Table of Contents Author Guidelines Submit a Manuscript
Canadian Journal of Gastroenterology
Volume 25 (2011), Issue 12, Pages 657-662
Original Article

A Randomized Controlled Trial of Four Precolonoscopy Bowel Cleansing Regimens

Dina Kao,1 Eoin Lalor,1 Gurpal Sandha,1 Richard N Fedorak,1 Bloeme van der Knoop,2 Stieneke Doornweerd,2 Harmke van Kooten,3 Eline Schreuders,3 William Midodzi,4 and Sander Veldhuyzen van Zanten1

1Division of Gastroenterology, University of Alberta, Edmonton, Alberta, Canada
2Free University of Amsterdam, Amsterdam, The Netherlands
3Erasmus University, Rotterdam, The Netherlands
4Patient Research Centre, Memorial University, St John’s, Newfoundland and Labrador, Canada

Received 31 March 2011; Accepted 29 July 2011

Copyright © 2011 Hindawi Publishing Corporation. This is an open access article distributed under the Creative Commons Attribution License, which permits unrestricted use, distribution, and reproduction in any medium, provided the original work is properly cited.


BACKGROUND: The ideal bowel cleansing regimen for colonoscopy has yet to be determined.

OBJECTIVE: To compare the cleansing efficacy, and patient tolerability and safety of four bowel preparation regimens.

METHODS: A total of 834 patients undergoing outpatient colonoscopy were randomly assigned to one of four regimens: 4 L polyethylene glycol (PEG); 2 L PEG + 20 mg bisacodyl; 90 mL of sodium phosphate (NaP); or two sachets of a commercially available bowel cleansing solution (PSMC) + 300 mL of magnesium citrate (M). The primary outcome measure was cleansing efficacy, which was scored by blinded endoscopists using the Ottawa Bowel Preparation Scale. Secondary outcome measures were bowel preparation quality according to time of colonoscopy, and patient tolerability and safety.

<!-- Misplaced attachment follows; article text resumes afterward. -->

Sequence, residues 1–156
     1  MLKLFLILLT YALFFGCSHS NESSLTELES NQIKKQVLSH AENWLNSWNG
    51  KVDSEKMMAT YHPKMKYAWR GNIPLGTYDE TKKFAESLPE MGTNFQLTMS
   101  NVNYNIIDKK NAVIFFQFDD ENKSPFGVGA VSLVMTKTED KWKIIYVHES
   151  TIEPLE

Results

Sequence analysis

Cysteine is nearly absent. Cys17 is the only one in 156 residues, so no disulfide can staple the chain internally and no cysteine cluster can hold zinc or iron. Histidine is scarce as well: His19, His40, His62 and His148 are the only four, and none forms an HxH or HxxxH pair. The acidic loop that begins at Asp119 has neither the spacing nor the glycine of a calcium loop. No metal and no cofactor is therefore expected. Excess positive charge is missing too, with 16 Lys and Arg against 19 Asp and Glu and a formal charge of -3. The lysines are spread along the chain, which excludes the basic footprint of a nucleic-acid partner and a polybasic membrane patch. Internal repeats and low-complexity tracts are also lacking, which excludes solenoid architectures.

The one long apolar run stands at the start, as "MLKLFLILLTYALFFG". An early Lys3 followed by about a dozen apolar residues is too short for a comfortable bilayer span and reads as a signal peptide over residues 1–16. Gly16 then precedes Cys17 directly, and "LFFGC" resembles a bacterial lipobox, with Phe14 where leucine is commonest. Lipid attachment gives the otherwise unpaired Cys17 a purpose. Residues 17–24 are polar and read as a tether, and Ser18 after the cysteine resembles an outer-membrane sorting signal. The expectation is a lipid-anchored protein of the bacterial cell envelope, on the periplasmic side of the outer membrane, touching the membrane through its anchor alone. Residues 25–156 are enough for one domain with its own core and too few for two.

RESULTS: The mean total cleansing score was significantly worse in the NaP group compared with the other three groups (P<0.0001). The mean cleansing scores were worse in patients who underwent morning versus afternoon colonoscopy, a finding that was consistent in all four groups. PSMC + M was the best tolerated regimen. No clinically significant mean changes in creatinine or electrolyte levels were identified, although a significantly higher proportion of patients in the NaP group developed hypokelemia (P<0.0001).

CONCLUSIONS: 2 L PEG + 20 mg bisacodyl, or PSMC + M was as efficacious as 4 L PEG and superior to NaP for bowel cleansing. A short interval between the completion of bowel preparation and the start of colonoscopy (ie, ‘runway time’), irrespective of bowel preparation regimen, appeared to be a more important predictor of bowel cleanliness than the cathartic agents used.